Quotes abound in this slim yet comprehensive tutorial. The Guerrilla Girls chose wisely among their references, highlighting bigotry, sexism and beliefs as they pertained to the discussed era. The supporting information is woven seamlessly into context, and the book on the whole is a compelling read.

There is a several-pages-long section on the rape of Artemisia Gentileschi and the subsequent trial of her attacker (who was also her father’s apprentice), with quotes from actual trial documents in 1612, which is quite interesting. As is the Guerrilla Girls take on why Tintoretto suddenly stopped producing works of art after the sudden death of his daughter, Maria Robusti, in 1590. The Ladies don Gorilla masks and proclaim that, “Since the works of Tintoretto and Robusti are indistinguishable, and he signed them all, we don’t think he lost his will (to paint), we think he lost his secret weapon! (Robusti, an exceptional painter herself).”

Personally, I was moved while reading this book – sometimes even outraged at how an artist was treated (or ignored) merely on the basis of her sex. What is worse, though, is that many men from history would publically proclaim women artists inferior, then go home and steal their daughters’ paintings, sign their own manly names, and take all the praise for being such a great “master” artist. Truly disgusting.

I started this book thinking, “Oh, I hope I can get past all this feminist chanting and enjoy the history within the pages.” (Yes, I am a woman!) But I was pleasantly surprised at how much I enjoyed the book – feminism and all. In fact, radical viewpoints often don’t feel as “preachy” when it is so obvious that they have very firm ground to stand on.

One particular poster reproduction that graces the back cover is of a nude, reclining woman who is wearing the trademark gorilla mask. Beside her in bold print is the question, “Do women have to be naked to get into the Met. Museum?” and smaller print below that states, “Less than 5% of artists in the Modern Art Sections are women, but 85% of the nudes are female.” Enough said.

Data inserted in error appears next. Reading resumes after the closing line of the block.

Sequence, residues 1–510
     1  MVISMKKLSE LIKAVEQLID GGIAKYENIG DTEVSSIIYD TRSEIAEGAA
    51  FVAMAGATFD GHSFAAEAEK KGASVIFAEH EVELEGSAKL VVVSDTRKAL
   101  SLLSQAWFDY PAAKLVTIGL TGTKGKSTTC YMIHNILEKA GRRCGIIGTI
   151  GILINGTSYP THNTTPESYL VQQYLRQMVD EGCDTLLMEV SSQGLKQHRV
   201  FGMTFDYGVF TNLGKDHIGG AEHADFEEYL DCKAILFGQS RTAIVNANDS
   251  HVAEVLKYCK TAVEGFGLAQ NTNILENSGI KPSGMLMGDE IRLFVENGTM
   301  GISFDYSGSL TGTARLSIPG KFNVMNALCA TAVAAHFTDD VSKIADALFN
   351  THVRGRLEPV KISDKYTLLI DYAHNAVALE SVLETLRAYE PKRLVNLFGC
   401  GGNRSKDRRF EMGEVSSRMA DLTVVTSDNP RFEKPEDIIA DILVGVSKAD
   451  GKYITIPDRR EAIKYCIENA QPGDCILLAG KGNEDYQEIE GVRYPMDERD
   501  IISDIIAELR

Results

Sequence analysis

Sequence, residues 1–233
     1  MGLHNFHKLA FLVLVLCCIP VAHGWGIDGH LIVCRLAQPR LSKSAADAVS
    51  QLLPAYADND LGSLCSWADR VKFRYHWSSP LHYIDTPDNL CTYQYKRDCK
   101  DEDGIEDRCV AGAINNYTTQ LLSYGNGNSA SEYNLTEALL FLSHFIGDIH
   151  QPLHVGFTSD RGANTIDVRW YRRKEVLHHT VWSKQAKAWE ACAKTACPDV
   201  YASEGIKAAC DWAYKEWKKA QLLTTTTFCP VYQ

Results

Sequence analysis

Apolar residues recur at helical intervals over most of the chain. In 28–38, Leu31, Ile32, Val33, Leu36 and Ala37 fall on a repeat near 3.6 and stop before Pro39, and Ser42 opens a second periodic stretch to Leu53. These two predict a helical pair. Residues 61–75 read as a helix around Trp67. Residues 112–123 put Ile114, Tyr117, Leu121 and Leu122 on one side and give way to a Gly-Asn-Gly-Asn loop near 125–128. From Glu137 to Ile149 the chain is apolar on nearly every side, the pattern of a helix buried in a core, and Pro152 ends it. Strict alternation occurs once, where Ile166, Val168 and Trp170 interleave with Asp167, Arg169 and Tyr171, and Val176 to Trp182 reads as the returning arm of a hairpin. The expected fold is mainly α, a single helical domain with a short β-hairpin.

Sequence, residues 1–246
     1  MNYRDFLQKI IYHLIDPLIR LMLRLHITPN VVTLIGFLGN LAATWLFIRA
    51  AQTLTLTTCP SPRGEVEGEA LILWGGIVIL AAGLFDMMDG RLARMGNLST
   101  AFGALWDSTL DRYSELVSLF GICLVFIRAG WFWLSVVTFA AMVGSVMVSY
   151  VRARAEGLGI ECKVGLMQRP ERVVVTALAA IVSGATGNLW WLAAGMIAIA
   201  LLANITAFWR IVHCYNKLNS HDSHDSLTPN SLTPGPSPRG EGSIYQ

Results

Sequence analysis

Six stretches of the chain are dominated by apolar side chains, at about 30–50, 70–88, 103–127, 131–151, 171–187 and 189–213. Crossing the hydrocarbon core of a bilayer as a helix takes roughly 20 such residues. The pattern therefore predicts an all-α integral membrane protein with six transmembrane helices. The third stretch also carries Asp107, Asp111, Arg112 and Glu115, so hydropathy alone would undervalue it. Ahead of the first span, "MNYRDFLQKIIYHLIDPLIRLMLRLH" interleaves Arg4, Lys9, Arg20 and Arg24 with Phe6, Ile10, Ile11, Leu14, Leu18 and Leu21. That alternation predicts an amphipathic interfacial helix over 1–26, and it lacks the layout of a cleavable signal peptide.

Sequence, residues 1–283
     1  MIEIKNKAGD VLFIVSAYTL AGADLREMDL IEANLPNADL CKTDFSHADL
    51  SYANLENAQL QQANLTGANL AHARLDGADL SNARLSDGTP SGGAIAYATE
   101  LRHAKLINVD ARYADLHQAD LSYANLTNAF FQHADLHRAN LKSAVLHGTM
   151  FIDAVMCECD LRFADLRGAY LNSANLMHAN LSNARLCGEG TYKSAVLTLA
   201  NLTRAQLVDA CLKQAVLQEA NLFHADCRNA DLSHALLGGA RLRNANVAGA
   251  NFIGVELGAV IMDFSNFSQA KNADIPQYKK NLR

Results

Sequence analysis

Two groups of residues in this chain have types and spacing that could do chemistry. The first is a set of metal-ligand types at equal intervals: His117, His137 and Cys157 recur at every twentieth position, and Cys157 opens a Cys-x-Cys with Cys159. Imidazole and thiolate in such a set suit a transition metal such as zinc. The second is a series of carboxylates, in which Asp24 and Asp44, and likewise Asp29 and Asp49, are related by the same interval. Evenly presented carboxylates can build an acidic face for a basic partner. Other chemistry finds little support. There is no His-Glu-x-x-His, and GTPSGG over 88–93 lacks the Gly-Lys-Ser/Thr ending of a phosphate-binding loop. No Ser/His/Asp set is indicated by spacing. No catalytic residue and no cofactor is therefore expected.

I recommend this book to anyone who likes to read the “other side” of history – the events little-known and talked about – as well as for anyone remotely interested in uncovering the great women artists from Western history. Enjoy!


Living with Creative Purpose

I am trying to do this,I swear. It’s a struggle, but one that pays out in dividends if you can manage to pull it off. 

So what am I talking about? Go back to the title, re-read it if you have to. Ahh! There.

Now, allow me to explain. I’ve discovered, through months, if not years, of cycling through “dry” non-creative periods and “overflowing” creative times, that life is so much more worth living when one can look at it through the eye of an artist. Instead of the depressing winter landscape, one sees a time of dramatic beauty, hard lines and complex moods. Instead of feeling the oppressive heat of summer, ones takes a moment to sit against the bark of a tree, feeling the kiss of filtered sunlight while birds and squirrels chase each other around the branches above you. 

Am I making any sense? If not, I mean to say that by becoming more creative, you can alter your entire life. I know this is true, but still, keeping my artistic vision isn’t easy. Life, as it often does, will get in the way. Kids will get sick, and of course, then I get sick. 

Knowing how my creative juices permeate the rest of my life, I must make an effort to keep stirring the pot. And I will, now that I know what I know. Forget Prozac,just give me some oils and a canvas, or even a camera.

I’ll leave you with a few parting shots, of some of my favorite shots:

All of these, and more, can be seen at my Fine Art America Page… you can find the link up on the right hand side.